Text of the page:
Western Australia
Landforms and Geological Curiosities

In a country full of Big Rocks and geological wonders, Western Australia landforms are among some of the most fascinating and strikingly unusual. This page will give you a good overview of the more famous West Australian landforms, the most gorgeous gorges, and the oldest, biggest and most unusual rocks - plus one or two travel secrets off the beaten track.


Western Australia Landforms - the Bungle Bungle Range, Purnululu National Park in the Kimberley region. Read a visitor's personal account of taking a scenic flight over the Bungle Bungle Range.

Western Australia Landforms - Bungle Bungle Range, Purnululu National Park

Outback Gorges

The landforms of Australia that travellers like to visit include some pretty spectacular outback gorges, many of which are to be found in Western Australia. The Kimberley region in particular has a great many gorges to visit including Windjana Gorge, Geikie Gorge and Cathedral Gorge.

The deep gorges of the Karijini National Park in the Pilbara are cool and shady in the hot dry desert, with creeks, waterfalls and rock pools hiding at the base of the red-walled gorges.

Some other areas with gorges include the Cape Range National Park near Exmouth and Kalbarri National Park.

Western Australia Landforms - Weano Gorge, Karijini

Western Australia Landforms: Weano Gorge, Karijini. Photo from NielsPhotography on Flickr.

Western Australia Landforms - Yardie Creek Gorge in the Cape Range National Park Near Exmouth Yardie Gorge Rock Wallaby, Western Australia

Yardie Creek Gorge in the Cape Range National Park near Exmouth. Tourism Western Australia.

Wave Rock

Wave Rock, Western Australia - Landform

Wave Rock near the small town of Hyden is a well-known Australian landform because it is so unusual - a breaking wave frozen in time in the middle of the Western Australian wheatbelt!

Many travellers choose to visit Hyden and Wave Rock on the journey between Perth and Esperance, or even as a detour from Albany or Kalgoorlie.


The Wheatbelt Granites - A Western Australia Travel Secret

Wave Rock may be the most famous stripey granite outcrop resembling a wave, but it sure isn't the only one! Elachbutting Rock, out near Mukinbudin on the north-eastern edge of the Wheatbelt where the desert begins, is just as striking - if not more so. Not many people seem to know about Elachbutting Rock, but in my opinion it's well worth a visit.

There are countless other huge granites in the wheatbelt. Some of my favourites (in addition to the two already mentioned) include the lonely and windswept Yorkrakine Rock near Wyalkatchem and Yanneymooning Hill, which is close to Elachbutting.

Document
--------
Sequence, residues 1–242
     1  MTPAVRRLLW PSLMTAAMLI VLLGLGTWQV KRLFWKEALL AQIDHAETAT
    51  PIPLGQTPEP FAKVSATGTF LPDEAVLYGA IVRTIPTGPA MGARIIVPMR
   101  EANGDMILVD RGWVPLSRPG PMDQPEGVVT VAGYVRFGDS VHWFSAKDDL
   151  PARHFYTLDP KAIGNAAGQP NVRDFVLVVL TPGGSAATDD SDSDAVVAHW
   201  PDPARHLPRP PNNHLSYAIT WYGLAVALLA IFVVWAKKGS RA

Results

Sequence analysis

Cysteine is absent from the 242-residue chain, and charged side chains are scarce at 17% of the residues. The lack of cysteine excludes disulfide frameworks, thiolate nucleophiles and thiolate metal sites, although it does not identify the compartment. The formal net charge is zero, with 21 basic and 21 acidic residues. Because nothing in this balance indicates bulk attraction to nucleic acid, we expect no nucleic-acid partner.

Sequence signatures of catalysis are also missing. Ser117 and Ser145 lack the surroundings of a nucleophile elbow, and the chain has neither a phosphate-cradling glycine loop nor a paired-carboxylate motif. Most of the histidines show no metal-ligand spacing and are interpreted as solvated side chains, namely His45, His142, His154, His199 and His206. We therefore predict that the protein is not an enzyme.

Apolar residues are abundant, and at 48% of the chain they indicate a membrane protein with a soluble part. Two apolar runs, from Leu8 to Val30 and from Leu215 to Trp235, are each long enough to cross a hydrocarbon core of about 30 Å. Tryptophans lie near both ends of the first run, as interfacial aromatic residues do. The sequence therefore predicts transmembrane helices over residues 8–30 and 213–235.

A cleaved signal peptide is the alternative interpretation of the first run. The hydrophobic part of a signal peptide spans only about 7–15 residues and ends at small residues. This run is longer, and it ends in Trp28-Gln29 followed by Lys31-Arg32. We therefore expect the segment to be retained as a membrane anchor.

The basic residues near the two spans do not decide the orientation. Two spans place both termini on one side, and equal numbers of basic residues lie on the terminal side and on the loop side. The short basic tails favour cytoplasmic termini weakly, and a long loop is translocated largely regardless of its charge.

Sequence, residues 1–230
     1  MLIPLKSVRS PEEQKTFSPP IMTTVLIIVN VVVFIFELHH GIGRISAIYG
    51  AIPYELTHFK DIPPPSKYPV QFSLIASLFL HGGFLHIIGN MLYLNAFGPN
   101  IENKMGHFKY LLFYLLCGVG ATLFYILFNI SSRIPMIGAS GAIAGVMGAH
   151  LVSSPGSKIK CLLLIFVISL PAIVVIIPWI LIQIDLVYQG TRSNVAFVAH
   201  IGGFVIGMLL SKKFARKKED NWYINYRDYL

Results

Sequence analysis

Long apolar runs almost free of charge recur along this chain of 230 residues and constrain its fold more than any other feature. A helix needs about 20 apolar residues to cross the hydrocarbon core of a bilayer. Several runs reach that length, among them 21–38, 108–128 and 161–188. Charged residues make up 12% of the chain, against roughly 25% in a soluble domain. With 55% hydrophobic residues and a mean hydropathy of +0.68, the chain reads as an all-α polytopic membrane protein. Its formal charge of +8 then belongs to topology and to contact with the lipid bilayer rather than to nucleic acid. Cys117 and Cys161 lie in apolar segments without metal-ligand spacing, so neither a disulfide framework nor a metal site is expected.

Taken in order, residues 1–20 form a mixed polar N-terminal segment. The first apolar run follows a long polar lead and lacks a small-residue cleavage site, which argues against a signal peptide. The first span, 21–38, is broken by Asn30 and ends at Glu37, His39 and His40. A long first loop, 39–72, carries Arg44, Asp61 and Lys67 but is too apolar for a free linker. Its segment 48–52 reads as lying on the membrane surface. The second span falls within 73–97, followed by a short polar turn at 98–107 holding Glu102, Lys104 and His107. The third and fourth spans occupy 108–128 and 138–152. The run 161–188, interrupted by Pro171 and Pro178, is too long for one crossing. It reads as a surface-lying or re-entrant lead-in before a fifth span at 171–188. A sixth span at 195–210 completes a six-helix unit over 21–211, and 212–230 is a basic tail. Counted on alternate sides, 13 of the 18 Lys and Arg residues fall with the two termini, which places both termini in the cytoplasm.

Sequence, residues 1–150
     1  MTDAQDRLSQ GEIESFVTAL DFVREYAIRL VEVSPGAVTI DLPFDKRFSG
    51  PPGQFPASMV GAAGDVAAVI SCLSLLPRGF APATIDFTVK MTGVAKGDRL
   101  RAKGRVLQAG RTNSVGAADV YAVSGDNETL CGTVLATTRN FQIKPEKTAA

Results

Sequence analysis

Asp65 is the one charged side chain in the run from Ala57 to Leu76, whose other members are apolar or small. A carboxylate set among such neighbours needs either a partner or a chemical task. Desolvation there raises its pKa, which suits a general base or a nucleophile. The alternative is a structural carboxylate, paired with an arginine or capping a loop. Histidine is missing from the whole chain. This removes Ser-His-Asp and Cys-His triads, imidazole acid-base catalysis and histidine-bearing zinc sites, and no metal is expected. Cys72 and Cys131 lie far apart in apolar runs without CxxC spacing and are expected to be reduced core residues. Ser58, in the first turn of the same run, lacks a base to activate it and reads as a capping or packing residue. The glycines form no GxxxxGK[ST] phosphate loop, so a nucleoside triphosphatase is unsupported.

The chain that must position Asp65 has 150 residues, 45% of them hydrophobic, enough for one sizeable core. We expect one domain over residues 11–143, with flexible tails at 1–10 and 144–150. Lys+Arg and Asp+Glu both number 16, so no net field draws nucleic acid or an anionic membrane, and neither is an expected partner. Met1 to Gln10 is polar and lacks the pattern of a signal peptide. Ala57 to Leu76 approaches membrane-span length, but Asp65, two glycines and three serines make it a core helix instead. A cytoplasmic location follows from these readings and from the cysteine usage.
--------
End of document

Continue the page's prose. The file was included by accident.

The Pinnacles Desert of Western Australia

The Pinnacles, WA

The Pinnacles Desert is hidden away in the sanddunes of WA's midwest coast, just south of Cervantes. It's a strange, barren landscape of sand and stone, with thousands of limestone pillars sticking out of the ground, resembling tombstones and castles.

The Pinnacles are the more erosion-resistant remnants of what was once a large bed of limestone underground.

Find out more about visiting the Pinnacles in Western Australia.

Western Australia Landforms
and the Geological History of the Earth

Much of the Western Australian landmass is composed of some of the oldest rock in the world, formed over 3500 years ago during the early years of our planet's existence. Over the aeons, the rocks of the Western Australian landmass have been uplifted, folded, weathered and eroded into a brightly-coloured and mostly flat land, rich in the minerals that power Australia's economy, through the mining industry.

Most nutrients have long since leached out of these rocks, but a surprising diversity of tough, hardy plants and animals manage to flourish in spite of this. In fact, the unique evolutionary adaptations made by living things to Western Australia's harsh conditions helped form the south-western part of the state into one of the world's 25 Biodiversity Hotspots.

The Jack Hills Contain the Oldest Material of Terrestrial Origins Ever Found:
Western Australia Landforms - Satelite Image of the Jack Hills, which contain the oldest terrestrial material ever found.

The Jack Hills, containing the oldest Earth material ever to be dated, appear as the dark band in the satelite photo above. Image Credit: NASA/GSFC/METI/ERSDAC/JAROS, and U.S./Japan ASTER Science Team.

The oldest material of terrestrial origins on our planet has been found in the Jack Hills to the east of Shark Bay, on the border between the Shire of Murchison and the Shire of Meekatharra.

This material consists of small crystals of a Zircon mineral from a sedimentary gneiss that was dated at 4.4 billion years old, which means it's been around for 98% of the time that Planet Earth has existed.

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